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image: Nuclear Pores Come into Sharper Focus

Nuclear Pores Come into Sharper Focus

By and | December 1, 2016

Solving a long-standing structural puzzle will open the door to understanding one of the cell’s most enigmatic machines.

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image: Top 10 Innovations 2016

Top 10 Innovations 2016

By | December 1, 2016

This year’s list of winners celebrates both large leaps and small (but important) steps in life science technology.

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image: The Topography of Teeth

The Topography of Teeth

By | November 29, 2016

Intricate, digital maps of animals’ teeth, created using the same geographical tools used by mapmakers, may help researchers determine the diets of extinct species.

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image: Next Generation: Super-Fast Tracking of Single Molecules

Next Generation: Super-Fast Tracking of Single Molecules

By | November 23, 2016

A clever twist on a super-resolution microscopy technique improves the temporal resolution of single-molecule tracking.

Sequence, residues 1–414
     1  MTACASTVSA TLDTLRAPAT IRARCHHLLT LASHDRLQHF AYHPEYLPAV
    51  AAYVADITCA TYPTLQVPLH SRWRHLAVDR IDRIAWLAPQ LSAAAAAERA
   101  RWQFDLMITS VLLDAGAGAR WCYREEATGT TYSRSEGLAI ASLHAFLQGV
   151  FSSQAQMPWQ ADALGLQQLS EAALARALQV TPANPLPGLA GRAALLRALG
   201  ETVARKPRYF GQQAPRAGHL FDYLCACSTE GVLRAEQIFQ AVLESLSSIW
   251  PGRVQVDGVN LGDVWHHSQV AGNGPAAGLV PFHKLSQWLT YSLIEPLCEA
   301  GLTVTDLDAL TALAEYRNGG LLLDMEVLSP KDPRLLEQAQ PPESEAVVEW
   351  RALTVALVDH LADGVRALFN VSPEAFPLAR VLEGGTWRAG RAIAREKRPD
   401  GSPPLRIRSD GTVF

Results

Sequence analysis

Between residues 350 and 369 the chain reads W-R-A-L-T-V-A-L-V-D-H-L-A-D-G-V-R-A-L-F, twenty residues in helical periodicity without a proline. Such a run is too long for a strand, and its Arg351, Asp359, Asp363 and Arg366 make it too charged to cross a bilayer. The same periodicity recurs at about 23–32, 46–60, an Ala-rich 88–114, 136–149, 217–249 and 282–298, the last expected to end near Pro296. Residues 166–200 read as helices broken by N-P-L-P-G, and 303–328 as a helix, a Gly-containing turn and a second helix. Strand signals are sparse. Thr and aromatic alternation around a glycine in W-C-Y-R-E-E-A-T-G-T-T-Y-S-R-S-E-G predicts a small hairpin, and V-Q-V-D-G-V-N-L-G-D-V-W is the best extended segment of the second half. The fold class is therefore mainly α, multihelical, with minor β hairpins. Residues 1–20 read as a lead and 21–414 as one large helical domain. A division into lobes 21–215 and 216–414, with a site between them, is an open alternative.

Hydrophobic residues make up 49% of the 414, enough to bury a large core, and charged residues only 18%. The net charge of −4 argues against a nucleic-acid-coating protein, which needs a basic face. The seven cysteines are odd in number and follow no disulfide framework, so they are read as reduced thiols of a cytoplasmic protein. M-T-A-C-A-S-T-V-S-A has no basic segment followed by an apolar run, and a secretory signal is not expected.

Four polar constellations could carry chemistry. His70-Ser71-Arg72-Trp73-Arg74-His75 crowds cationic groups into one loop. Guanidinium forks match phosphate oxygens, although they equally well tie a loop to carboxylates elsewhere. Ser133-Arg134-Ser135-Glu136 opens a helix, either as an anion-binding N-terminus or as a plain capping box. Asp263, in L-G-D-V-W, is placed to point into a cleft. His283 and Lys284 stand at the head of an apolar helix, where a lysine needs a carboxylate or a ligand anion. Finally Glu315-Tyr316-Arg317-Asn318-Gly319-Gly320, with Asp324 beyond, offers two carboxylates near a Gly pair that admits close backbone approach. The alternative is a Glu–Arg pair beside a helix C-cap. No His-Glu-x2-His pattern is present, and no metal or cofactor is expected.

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image: Antibody Shows Promise For Combatting Diverse Strains Of HIV

Antibody Shows Promise For Combatting Diverse Strains Of HIV

By | November 18, 2016

In preclinical trials, the N6 antibody neutralized 98 percent of 181 HIV strains tested.

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image: USB Stick Rapidly Detects HIV

USB Stick Rapidly Detects HIV

By | November 15, 2016

The prototype blood test could eventually be used to diagnose infections in resource-poor regions.

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image: Evolution May Have Deleted Neanderthal DNA

Evolution May Have Deleted Neanderthal DNA

By | November 9, 2016

Natural selection may be behind the dearth of Neanderthal DNA in modern humans.

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image: Five Oncoviruses Debut On NIH Carcinogen List

Five Oncoviruses Debut On NIH Carcinogen List

By | November 7, 2016

Seven newly evaluated substances, including five oncoviruses, have been added to the US National Institutes of Health’s 14th Report on Carcinogens.

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image: Ebola Evolved to Become More Infectious

Ebola Evolved to Become More Infectious

By | November 7, 2016

A mutation that appeared early in the 2014 outbreak made the virus more infectious in humans, scientists show.

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Results from experiments in mice revise a long-held hypothesis that certain protein scaffolds are needed for synaptic activity.

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